Speak Your Piece | Season 1, Episode 9 (Part 1): Brenden Rensink, Mobile App “Intermountain Histories,” Podcast “Writing Westward”

Guest Bio
Brenden Rensink is one of Utah’s brightest and most digitally savvy young historians. A true scholar at heart; he understand nonetheless how and why scholarly products–studies, books, presentations, etc.–need to make their way into the everyday life and interests of the general public. 

An of the North American West (borderlands, indigenous peoples, public , and Western wilderness and the environment), Rensink earned his Ph.D. from the University of Nebraska – Lincoln. He spent his early life in the Pacific Northwest. He is Associate Director of the Charles Redd Center for Western Studies.

Rensink first describes the main argument of his award winning book: Native but Foreign: Indigenous Immigrants and Refugees in the North American Borderlands (Texas A&M University, 2018), noting what he learned can also relate to Utah, regarding its Indian tribes, and its immigrants and refugees. 

Next he describes the Charles Redd Center’s “Intermountain Histories (IH),” a free mobile app and website that provides interpretive history about Idaho, Wyoming, Montana, Nevada, Utah, Colorado, Arizona, and New Mexico. IH is GIS based, and offers succinctly written historical narratives with tours, photos, videos, etc.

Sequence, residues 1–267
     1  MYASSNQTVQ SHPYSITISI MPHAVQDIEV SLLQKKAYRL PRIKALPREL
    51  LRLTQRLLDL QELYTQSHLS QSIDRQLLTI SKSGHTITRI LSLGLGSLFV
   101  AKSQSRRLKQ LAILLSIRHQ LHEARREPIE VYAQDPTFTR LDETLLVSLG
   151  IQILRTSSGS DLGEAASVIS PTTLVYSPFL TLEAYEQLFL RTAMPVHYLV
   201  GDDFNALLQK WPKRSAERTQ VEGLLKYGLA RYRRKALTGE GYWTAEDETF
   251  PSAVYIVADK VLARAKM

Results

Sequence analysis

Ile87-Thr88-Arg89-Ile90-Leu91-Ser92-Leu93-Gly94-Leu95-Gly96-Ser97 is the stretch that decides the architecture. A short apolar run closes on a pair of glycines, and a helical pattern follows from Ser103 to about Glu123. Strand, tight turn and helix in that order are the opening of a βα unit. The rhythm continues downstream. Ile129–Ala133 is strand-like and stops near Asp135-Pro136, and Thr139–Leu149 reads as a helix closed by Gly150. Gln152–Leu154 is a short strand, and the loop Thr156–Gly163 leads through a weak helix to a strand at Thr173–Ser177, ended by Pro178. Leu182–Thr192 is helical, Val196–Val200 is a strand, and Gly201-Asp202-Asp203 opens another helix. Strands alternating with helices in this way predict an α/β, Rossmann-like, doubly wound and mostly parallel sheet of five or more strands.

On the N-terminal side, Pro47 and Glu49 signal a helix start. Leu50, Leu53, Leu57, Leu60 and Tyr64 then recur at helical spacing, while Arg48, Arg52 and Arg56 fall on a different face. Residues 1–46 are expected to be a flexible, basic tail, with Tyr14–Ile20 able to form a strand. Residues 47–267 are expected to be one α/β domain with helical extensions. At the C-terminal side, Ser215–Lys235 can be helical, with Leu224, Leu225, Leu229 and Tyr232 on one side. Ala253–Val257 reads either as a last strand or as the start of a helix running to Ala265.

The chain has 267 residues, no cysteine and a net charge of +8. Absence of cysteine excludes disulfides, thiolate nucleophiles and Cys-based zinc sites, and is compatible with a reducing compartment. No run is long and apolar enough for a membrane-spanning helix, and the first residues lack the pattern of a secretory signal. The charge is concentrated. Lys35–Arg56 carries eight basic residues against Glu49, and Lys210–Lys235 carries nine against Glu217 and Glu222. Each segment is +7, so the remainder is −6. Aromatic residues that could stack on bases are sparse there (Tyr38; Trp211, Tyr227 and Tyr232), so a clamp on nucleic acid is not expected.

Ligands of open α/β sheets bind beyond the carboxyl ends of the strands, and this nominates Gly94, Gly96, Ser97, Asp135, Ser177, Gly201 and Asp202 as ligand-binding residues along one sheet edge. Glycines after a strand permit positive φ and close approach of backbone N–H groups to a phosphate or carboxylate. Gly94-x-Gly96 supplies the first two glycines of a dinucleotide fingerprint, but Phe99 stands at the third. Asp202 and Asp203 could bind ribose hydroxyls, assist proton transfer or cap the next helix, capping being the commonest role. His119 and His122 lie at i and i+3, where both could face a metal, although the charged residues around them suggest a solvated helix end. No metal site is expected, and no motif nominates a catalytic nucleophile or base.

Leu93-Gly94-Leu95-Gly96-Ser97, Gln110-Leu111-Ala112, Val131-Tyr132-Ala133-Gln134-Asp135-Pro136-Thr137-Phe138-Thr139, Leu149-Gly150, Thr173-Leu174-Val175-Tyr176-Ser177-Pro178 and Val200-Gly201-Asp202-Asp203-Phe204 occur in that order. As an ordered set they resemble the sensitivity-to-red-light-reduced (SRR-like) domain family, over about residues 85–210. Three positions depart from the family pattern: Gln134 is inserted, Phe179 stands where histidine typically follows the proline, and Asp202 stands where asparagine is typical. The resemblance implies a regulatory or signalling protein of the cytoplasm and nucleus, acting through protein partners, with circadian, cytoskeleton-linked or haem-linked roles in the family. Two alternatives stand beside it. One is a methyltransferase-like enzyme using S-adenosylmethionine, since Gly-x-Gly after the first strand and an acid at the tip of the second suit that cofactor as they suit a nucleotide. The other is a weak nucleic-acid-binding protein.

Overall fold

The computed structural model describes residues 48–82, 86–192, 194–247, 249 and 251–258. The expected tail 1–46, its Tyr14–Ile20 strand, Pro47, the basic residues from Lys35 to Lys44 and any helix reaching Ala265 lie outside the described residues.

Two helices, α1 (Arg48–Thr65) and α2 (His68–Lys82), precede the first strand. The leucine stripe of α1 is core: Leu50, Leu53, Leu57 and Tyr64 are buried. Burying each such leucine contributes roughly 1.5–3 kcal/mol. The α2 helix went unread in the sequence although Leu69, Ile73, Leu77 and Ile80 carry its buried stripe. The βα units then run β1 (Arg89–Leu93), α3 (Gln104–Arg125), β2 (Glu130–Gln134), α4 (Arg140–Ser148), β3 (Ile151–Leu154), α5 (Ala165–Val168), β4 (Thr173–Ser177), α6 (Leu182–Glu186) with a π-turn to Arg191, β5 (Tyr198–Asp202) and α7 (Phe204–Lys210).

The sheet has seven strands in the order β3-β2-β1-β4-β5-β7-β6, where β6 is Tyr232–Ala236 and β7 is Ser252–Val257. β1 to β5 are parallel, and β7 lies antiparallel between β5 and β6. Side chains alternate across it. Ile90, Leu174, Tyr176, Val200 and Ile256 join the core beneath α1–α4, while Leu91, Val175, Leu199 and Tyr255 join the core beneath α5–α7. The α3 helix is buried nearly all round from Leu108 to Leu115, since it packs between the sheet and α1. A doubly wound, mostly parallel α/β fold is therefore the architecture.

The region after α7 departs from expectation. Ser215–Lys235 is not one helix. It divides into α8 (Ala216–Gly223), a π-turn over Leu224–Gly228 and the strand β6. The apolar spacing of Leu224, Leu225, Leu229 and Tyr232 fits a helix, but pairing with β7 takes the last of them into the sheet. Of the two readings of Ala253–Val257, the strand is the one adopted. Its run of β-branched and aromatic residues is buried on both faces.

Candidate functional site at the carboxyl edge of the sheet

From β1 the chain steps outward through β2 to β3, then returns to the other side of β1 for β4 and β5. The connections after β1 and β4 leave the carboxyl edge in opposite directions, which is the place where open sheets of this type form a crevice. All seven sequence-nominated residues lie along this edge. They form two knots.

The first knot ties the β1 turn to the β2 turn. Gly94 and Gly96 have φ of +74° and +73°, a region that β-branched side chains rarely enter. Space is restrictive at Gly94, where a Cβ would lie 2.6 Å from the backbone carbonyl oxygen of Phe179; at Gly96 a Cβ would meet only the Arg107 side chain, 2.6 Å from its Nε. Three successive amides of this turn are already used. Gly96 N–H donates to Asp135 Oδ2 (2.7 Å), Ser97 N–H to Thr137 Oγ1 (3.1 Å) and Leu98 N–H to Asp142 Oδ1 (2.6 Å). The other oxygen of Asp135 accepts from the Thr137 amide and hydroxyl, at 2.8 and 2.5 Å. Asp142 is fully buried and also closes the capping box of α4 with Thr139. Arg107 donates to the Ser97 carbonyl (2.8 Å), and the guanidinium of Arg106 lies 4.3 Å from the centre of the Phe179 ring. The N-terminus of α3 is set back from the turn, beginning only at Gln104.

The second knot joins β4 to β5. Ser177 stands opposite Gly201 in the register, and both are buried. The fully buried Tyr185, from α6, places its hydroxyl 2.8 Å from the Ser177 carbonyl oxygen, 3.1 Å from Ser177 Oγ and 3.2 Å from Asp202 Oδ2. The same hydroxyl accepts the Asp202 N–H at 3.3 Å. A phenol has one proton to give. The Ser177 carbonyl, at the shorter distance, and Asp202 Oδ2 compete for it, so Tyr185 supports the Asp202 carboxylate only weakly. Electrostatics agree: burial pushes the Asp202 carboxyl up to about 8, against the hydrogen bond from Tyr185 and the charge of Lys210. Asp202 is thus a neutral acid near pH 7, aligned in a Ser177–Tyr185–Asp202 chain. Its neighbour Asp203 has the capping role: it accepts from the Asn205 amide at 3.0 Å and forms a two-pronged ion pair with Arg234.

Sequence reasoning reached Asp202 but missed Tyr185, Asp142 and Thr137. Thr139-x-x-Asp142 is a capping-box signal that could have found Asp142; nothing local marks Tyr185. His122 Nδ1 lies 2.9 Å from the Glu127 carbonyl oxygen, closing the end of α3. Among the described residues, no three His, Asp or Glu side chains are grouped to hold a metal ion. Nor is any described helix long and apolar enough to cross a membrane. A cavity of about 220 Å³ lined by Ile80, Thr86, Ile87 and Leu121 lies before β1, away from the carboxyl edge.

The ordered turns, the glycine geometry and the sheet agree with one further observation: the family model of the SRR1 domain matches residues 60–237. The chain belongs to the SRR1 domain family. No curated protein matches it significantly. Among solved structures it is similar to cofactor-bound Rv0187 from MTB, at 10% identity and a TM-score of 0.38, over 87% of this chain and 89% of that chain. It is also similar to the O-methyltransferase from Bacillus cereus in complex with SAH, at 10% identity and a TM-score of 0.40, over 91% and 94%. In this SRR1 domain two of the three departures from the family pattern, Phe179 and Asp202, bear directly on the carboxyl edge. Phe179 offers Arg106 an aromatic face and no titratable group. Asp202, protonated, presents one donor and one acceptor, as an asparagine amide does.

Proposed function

He offered a number of case studies of historical tours including: The Utah Homefront during World War II, Chinese Immigrants in Idaho and The Topaz Japanese Internment Camp, among others. 

Rensink also explains the beginnings of, why his ’s is named “Writing” a play on “Riding” Westward, then offers a few examples of podcast guests, including Leah Sottile, who produced the NPR podcast “Bundyville,” a seven-part series chronicling Nevada’s Bundy (Cliven and Ammon) family.  

Do you have a question or comment, or a proposed guest for “Speak Your Piece?” Write us at “ask a historian” – askahistorian@utah.gov

URLs (book purchase links, associated exhibit, products, links, etc.)

Intermountain Histories Digital Public History Project.

Writing Westward

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